Choose Your Practice Group Early, Wisely, Law School Graduate Warns

February 6, 2009

Law School students should pick their practice areas early and wisely in light of the recent economic downturn, a Law School graduate and law firm executive said Tuesday.

Van Steenburg
Sarah Van Steenburg

"Especially in this economy, you really need to go into the field knowing what you want to do," said Sarah Van Steenburg '00, managing director of Major, Lindsey & Africa, a legal search firm.

Van Steenburg suggested students start by considering what they like dealing with. Legal fields offer opportunities to work with people, things, ideas, money or business. Figuring out which is the most appealing can be critical to career satisfaction, she said.

"You'll be working long hours, so you don't want to be dealing constantly with something that you hate," she said.

Van Steenburg also highlighted other key considerations, such as students' capacity to handle moral conundrums, their preference for being a creator or an enabler, and which groups they wanted to help in their careers.

Van Steenburg said the current economic climate has also made several fields more marketable than others. Bankruptcy is a hot field, while healthcare is expected to be marketable for the next five to 10 years. She expected the faltering real estate practice to make a comeback after a few years.

"I think it will be back in a couple of years; every practice goes through its cycles," she said.

Addressing student questions about shifting between groups or within companies, Van Steenburg said firms would be less willing to accommodate the changing preferences of their associates in this economic climate.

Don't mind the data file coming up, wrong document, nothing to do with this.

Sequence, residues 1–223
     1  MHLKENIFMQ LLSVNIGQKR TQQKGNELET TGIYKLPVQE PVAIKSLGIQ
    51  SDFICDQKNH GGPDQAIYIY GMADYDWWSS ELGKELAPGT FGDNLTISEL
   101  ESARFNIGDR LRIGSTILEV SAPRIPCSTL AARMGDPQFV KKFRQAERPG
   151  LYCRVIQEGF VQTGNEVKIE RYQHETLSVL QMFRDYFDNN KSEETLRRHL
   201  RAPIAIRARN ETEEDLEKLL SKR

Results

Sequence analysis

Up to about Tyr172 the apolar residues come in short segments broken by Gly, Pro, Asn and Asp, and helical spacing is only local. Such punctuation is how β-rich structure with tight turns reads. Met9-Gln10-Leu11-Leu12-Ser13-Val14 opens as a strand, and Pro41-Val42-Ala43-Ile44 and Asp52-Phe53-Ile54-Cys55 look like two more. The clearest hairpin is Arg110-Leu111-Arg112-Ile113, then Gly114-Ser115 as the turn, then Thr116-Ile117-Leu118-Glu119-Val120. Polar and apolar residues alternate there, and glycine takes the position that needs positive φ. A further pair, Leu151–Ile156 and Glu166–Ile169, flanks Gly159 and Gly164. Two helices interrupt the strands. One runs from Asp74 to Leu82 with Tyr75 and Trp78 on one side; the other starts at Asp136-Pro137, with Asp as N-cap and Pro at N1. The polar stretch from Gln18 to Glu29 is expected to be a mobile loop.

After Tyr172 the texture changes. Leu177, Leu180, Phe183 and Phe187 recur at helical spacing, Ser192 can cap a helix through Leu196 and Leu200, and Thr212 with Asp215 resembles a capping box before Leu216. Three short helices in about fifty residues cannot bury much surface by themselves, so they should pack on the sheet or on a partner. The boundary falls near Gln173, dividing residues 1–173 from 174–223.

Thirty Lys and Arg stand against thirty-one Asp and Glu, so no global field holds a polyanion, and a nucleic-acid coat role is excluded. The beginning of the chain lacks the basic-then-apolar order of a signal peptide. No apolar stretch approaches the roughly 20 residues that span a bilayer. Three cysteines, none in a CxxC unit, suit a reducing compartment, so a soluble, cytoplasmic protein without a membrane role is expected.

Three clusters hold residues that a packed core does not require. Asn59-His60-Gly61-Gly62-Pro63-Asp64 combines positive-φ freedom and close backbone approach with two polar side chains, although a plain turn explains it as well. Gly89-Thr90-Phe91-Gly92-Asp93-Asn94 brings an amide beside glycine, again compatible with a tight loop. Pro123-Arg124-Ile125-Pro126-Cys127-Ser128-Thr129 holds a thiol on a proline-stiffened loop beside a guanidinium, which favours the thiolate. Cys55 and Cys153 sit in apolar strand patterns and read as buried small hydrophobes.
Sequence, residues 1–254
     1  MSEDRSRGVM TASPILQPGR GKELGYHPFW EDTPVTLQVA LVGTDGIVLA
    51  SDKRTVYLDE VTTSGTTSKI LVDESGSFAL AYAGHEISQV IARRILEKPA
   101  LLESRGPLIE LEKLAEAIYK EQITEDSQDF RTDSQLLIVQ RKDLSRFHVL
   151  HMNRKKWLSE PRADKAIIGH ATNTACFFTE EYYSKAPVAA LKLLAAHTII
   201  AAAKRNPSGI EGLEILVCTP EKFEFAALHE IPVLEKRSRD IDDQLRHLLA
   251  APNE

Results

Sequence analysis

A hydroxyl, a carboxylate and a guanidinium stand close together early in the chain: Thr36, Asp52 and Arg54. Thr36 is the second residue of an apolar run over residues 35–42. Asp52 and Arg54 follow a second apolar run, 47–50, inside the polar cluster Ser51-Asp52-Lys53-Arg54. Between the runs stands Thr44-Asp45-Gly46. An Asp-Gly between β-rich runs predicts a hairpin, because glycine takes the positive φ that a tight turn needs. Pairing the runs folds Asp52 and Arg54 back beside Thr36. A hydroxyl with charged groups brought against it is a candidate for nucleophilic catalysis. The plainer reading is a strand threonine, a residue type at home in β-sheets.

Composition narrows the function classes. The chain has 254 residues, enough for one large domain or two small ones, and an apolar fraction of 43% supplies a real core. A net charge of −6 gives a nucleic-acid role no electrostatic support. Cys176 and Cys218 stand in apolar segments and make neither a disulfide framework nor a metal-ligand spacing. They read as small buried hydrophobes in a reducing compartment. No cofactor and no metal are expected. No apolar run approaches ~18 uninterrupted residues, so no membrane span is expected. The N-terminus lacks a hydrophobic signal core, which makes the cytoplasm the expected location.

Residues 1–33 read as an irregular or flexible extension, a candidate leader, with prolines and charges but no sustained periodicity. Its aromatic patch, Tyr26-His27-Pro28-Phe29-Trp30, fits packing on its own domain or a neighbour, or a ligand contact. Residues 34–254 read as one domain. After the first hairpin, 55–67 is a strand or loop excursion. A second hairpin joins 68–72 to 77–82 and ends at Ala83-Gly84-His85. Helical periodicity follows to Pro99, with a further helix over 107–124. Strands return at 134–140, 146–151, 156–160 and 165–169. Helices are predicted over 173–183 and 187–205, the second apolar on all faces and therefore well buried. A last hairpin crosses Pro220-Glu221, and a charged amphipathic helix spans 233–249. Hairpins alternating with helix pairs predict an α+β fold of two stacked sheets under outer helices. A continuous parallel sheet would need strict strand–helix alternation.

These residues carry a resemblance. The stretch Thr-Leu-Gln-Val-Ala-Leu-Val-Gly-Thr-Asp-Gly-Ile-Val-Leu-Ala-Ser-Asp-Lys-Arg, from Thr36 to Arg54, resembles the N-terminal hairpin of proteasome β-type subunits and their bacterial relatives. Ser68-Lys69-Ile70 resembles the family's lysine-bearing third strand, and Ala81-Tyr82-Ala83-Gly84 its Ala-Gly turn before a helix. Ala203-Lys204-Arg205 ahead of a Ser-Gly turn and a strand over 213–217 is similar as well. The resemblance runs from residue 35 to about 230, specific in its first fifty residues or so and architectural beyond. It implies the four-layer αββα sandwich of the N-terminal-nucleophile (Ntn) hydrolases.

"The main reason I'm here today is to tell you to pick your practice group early. I know it may seem scary. But while you do close certain doors, you also open other doors within your field as well," she said.

After receiving her undergraduate degree in international affairs from Georgetown University, Van Steenburg earned her J.D. from the Law School, where she served as co-chair of the Diversity Committee in the Student Bar Association.

She began her legal career as public affairs adviser at Holland & Knight, and then went on to work as the mid-Atlantic regional recruiter for Starbucks Coffee Company before joining Major, Lindsey & Africa. She was elected managing director of the firm last September.

Founded in 1819, the University of Virginia School of Law is the second-oldest continuously operating law school in the nation. Consistently ranked among the top law schools, Virginia is a world-renowned training ground for distinguished lawyers and public servants, instilling in them a commitment to leadership, integrity and community service.

News Highlights